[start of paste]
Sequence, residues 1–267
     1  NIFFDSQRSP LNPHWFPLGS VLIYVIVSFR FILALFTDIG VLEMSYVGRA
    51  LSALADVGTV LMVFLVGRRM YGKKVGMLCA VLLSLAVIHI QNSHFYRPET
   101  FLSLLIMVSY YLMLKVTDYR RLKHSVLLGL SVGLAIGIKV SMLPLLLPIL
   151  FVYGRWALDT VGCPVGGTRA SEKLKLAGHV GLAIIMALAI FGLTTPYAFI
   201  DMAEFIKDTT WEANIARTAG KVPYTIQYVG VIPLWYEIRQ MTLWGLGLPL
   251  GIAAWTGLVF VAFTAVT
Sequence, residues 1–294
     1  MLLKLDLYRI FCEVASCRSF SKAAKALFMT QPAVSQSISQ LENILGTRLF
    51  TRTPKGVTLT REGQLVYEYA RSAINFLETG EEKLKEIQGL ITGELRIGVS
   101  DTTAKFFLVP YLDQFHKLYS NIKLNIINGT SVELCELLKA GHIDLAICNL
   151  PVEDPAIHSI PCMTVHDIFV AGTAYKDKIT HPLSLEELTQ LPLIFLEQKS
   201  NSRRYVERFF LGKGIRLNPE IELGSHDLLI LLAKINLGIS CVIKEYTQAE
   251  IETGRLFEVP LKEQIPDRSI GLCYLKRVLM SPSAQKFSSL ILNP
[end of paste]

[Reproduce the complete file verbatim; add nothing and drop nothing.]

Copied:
Sequence, residues 1–267
     1  NIFFDSQRSP LNPHWFPLGS VLIYVIVSFR FILALFTDIG VLEMSYVGRA
    51  LSALADVGTV LMVFLVGRRM YGKKVGMLCA VLLSLAVIHI QNSHFYRPET
   101  FLSLLIMVSY YLMLKVTDYR RLKHSVLLGL SVGLAIGIKV SMLPLLLPIL
   151  FVYGRWALDT VGCPVGGTRA SEKLKLAGHV GLAIIMALAI FGLTTPYAFI
   201  DMAEFIKDTT WEANIARTAG KVPYTIQYVG VIPLWYEIRQ MTLWGLGLPL
   251  GIAAWTGLVF VAFTAVT
Sequence, residues 1–294
     1  MLLKLDLYRI FCEVASCRSF SKAAKALFMT QPAVSQSISQ LENILGTRLF
    51  TRTPKGVTLT REGQLVYEYA RSAINFLETG EEKLKEIQGL ITGELRIGVS
   101  DTTAKFFLVP YLDQFHKLYS NIKLNIINGT SVELCELLKA GHIDLAICNL
   151  PVEDPAIHSI PCMTVHDIFV AGTAYKDKIT HPLSLEELTQ LPLIFLEQKS
   201  NSRRYVERFF LGKGIRLNPE IELGSHDLLI LLAKINLGIS CVIKEYTQAE
   251  IETGRLFEVP LKEQIPDRSI GLCYLKRVLM SPSAQKFSSL ILNP